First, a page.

Constitutional Court of the Russian Federation will decide whether to enforce decisions of the European Court
- Author: Irina Onikienko
- Service: Commercial arbitration and out-of-court dispute resolution
- Date: 29.12.2015
Starting from December 15, 2015, the Federal Constitutional Law No.7-FKZ dated December 14, 2015 “On introducing amendments to Federal Constitutional Law ‘On Constitutional Court of the Russian Federation’” entered into effect.
From now on, it is secured in the legislation that the Constitutional Court of the Russian Federation is entitled to adopt decisions on the possibility to enforce on Russian territory the decisions of interstate bodies for protection of human rights and freedoms. Such a decision will be adopted after a relevant query is received from an authorized state body. At present, the main interstate bodies for protection of human rights and freedoms are the UN Human Rights Committee and the European Court of Human Rights.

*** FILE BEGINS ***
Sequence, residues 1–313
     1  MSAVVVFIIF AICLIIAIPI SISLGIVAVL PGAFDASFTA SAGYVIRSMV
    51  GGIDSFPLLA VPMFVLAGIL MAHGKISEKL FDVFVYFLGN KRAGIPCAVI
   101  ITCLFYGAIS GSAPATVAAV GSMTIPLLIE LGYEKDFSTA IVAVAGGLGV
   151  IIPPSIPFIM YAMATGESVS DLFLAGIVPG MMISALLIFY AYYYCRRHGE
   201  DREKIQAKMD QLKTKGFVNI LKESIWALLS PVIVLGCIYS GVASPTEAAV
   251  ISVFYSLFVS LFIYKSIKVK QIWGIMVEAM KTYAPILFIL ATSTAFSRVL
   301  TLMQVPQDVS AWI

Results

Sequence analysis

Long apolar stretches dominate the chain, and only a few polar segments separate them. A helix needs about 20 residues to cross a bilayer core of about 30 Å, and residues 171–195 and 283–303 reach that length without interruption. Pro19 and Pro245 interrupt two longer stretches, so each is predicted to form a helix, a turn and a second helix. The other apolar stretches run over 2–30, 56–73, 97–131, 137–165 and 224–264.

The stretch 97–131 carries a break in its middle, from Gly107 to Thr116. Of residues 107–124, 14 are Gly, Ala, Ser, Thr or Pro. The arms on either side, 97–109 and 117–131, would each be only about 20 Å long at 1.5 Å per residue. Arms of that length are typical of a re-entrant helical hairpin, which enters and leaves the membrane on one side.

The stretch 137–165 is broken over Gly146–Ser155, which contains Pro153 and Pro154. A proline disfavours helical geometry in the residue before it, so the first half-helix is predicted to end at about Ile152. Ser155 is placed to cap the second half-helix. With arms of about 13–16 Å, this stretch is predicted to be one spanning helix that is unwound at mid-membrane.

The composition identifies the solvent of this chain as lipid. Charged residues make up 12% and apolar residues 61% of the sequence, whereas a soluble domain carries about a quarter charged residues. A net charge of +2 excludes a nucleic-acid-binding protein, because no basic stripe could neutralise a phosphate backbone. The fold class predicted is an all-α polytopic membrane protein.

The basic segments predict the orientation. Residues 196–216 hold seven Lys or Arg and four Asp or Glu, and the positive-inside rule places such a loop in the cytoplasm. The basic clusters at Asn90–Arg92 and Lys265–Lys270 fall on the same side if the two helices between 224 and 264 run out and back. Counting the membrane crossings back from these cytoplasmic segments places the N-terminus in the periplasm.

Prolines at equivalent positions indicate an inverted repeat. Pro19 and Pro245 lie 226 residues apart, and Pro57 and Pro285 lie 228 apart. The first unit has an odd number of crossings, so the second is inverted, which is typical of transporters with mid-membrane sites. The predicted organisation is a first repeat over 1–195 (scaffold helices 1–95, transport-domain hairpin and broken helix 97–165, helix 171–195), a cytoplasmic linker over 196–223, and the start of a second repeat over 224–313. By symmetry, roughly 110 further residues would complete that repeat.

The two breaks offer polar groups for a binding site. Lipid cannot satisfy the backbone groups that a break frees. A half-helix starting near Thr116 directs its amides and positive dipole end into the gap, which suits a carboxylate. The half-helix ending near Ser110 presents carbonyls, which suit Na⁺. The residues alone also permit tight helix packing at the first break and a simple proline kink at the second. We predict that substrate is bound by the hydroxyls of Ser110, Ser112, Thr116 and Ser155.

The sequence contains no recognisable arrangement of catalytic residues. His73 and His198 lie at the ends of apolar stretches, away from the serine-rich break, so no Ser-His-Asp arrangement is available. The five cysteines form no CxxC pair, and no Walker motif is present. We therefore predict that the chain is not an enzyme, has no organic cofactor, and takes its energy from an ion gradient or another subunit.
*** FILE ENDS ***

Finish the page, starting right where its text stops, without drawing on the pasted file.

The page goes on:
If the Constitutional Court considers the decision of an interstate body for protection of human rights and freedoms to be unenforceable based on the Russian Constitution, then the enforcement of such a decision on Russian territory will be impossible.
The amendments to the law are aimed at consolidation at the legislative level of the position of the Constitutional Court stipulated in Decree No.21-P dated July 14, 2015, providing that decisions of the European Court of Human Rights must be executed in Russia only with due regard for the supremacy of the Russian Constitution.
Should any questions arise in connection with the above or if you need any additional materials, please contact Valentina Alikova, Moscow Office of Capital Legal Services.
This Information letter keeps the clients of Capital Legal Services and other interested parties abreast of information that may, to any extent, affect their activity or cater to their particular interests. The opinions and commentaries expressed in this information letter shall not be deemed as legal opinions and do not cancel the need to obtain legal advice or legal opinion on separate issues.